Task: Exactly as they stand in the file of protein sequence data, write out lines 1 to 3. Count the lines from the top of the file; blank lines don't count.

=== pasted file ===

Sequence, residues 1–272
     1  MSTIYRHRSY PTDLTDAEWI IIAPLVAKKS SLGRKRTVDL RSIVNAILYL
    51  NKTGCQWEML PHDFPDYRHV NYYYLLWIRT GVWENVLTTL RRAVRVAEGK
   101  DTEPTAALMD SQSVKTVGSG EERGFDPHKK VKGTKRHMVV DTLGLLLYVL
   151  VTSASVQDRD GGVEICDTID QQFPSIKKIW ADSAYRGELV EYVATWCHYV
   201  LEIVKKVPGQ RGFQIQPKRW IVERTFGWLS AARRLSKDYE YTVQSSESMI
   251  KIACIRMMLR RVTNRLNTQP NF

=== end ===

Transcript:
Sequence, residues 1–272
     1  MSTIYRHRSY PTDLTDAEWI IIAPLVAKKS SLGRKRTVDL RSIVNAILYL
    51  NKTGCQWEML PHDFPDYRHV NYYYLLWIRT GVWENVLTTL RRAVRVAEGK